What it means to be shepherded by God

by Nov 9, 2011

Every Christian is a shepherd, to one degree or another. Husbands shepherd wives, parents shepherd their kids, community-group leaders shepherd their groups, and prayer-partners shepherd each other. There are many places to go to find practical instructions for shepherds (such as Paul’s message to the elders in Ephesus in Acts 20), but the best way to learn how to shepherd is to live under the Good Shepherd himself.

That’s what Psalm 23 is all about. It starts out with this simple but powerful declaration: “The Lord is my shepherd.”

That says a lot about God, but it also says a lot about us: if God is a shepherd, that makes us sheep. Most of us haven’t spent a whole lot of time around sheep, but a pastor and former shepherd in East Africa named Philip Keller says we’re a lot like them.

Just like sheep, we tend to have a mass mind (in his words, “mob instincts”). We tend to have lots of fears. We can be stubborn and stupid. We easily pick up self-destructive habits.

And just like a herd of sheep, unless we have a shepherd, we’re going to wander through the wilderness just barely surviving. We’ll be finding little tufts of dead grass to eat because we’re starving. We’ll be slurping up muddy, disease-ridden water because we’re so thirsty, instead of allowing our shepherd to guide us to the best feeding grounds and the purest rivers.

I’ve seen this tendency in myself. When I go on a vacation, I like to (literally) wander like a sheep. I want to go somewhere, and just find a hotel once we get there. Wake up every morning and decide on the spur of the moment what we’ll do that day. This has worked well for us… once. Cyndi and I flew into Beijing, and when we landed at the airport I got us a room at the hotel where president Clinton stayed… for 50 bucks. Somehow I got us hooked up with the communist party VIP tour of the Great Wall. We cruised around all day with party officials on a luxury bus… for free!

But most other times, it hasn’t worked out so great. For our first anniversary, I took Cyndi to San Francisco. We flew in, and I found us a hotel called the Pickwick Manor. We got all our luggage onto the bus, and rode downtown. We checked in, and went up to our room. I opened the door, but it would only open about 12 inches. I poked my head in, and saw why: the room was about 7 feet by 9 feet. The door couldn’t open all the way because it was bumping into the bed!

Cyndi gave me one of those looks, but it was too late. We got into bed, and that’s when we realized that we were right next to the elevator. That thing grunted like a sumo wrestler all night long. Then we started hearing a plastic bag crinkling in our luggage. I got out, opened it up, and there were 3 rats going for her M&M’s. Most of the trips I’ve planned have been something like that, because I’m stubborn and refuse to find a tour-guide shepherd to guide us.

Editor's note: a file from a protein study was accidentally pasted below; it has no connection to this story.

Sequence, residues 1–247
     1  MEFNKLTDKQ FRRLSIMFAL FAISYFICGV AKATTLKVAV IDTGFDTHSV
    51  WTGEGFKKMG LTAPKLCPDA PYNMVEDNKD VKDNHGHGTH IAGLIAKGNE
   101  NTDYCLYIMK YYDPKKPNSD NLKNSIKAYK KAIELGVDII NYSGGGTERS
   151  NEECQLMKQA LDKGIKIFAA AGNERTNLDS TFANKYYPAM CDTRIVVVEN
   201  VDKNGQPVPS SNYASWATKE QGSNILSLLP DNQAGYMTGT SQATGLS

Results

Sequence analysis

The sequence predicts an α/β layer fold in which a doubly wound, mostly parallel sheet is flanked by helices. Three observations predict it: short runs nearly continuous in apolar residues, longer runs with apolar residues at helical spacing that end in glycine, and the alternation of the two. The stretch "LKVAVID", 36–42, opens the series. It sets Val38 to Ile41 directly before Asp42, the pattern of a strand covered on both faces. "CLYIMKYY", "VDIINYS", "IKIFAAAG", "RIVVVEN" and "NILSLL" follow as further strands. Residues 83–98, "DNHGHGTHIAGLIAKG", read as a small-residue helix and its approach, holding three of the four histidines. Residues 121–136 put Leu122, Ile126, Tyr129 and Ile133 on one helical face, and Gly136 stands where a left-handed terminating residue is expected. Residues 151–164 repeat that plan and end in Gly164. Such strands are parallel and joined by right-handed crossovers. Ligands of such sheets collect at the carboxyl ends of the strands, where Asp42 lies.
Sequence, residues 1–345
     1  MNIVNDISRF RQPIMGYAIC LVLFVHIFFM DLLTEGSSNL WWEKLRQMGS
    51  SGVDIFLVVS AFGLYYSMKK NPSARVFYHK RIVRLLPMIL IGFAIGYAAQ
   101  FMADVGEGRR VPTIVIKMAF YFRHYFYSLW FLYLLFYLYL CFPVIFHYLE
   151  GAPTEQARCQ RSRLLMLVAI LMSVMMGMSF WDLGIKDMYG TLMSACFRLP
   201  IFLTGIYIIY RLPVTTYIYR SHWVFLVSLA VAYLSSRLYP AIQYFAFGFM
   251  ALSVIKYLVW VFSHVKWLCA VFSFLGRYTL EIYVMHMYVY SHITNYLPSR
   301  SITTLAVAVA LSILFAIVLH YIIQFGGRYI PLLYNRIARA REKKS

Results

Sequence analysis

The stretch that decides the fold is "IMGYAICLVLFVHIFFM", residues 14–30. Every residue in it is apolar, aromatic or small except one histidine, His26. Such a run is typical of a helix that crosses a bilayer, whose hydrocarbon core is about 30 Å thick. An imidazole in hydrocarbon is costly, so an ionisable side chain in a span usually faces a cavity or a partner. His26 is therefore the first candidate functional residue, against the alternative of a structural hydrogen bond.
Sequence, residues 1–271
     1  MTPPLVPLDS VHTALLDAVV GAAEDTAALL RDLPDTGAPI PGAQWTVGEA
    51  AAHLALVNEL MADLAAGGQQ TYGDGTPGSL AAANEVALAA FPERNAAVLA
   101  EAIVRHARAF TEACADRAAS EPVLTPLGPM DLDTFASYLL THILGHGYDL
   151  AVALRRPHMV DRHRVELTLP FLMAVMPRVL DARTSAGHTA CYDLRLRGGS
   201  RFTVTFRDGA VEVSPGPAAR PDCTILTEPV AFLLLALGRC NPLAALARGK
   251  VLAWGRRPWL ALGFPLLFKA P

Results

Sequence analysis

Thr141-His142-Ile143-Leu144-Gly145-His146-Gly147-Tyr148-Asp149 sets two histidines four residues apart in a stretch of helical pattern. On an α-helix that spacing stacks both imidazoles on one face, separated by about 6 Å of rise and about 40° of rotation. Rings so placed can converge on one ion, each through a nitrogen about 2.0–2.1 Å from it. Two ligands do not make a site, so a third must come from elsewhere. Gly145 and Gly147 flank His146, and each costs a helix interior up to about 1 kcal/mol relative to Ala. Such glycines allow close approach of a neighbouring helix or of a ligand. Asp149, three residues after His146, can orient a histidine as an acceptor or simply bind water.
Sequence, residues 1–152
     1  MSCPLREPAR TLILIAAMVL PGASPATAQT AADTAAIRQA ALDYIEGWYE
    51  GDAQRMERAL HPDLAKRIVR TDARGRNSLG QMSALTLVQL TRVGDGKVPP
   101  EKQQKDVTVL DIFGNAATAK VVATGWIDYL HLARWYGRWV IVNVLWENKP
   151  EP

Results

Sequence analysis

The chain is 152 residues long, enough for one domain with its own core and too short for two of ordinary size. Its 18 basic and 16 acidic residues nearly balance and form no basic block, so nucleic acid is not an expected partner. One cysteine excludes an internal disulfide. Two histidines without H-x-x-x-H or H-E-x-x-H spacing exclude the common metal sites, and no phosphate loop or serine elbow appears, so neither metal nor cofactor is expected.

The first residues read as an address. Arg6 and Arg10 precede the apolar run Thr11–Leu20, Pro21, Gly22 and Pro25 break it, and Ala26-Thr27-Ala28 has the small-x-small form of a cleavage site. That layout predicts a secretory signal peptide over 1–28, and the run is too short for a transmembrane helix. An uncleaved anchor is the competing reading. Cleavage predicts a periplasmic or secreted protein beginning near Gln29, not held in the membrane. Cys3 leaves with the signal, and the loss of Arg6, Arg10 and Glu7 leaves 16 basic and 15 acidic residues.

We’re sheep who need a shepherd. And one of the reasons why this Psalm is so popular is because it’s so clear that not only is God a shepherd, he’s my shepherd! We can rest in the fact that God is leading each one of us personally in an individual relationship.

But in our individualistic culture, it’s easy to go overboard with this idea, and start to assume that if God is my shepherd, that means he belongs to me, and he’s there to serve my needs, whatever I define them to be.

Pretty soon, God becomes nothing more than my own personal butler. My own personal therapist. My own personal cheering squad. Kind of like this classic commercial:

[youtube width=”467″ height=”350″]http://www.youtube.com/watch?v=Ow6lg2tAqsY[/youtube]

You’ve got to admit – it would be pretty epic to have your own 80’s glam rock band following you around to pep you up. And that’s how some of us view God – someone who’s mostly around to cheer us up when we’re feeling down.

But when David says that the Lord is my shepherd, he doesn’t mean that God belongs to me, he means that I belong to him. Since he is my shepherd, he owns me.

He purchased me with his blood (Acts 20:28), and that means he has the first and final say over what I do in my life, like a shepherd guides his sheep wherever he wants them to go.

If I’m going to effectively shepherd others, I first need to be under the sovereign control of the Good Shepherd.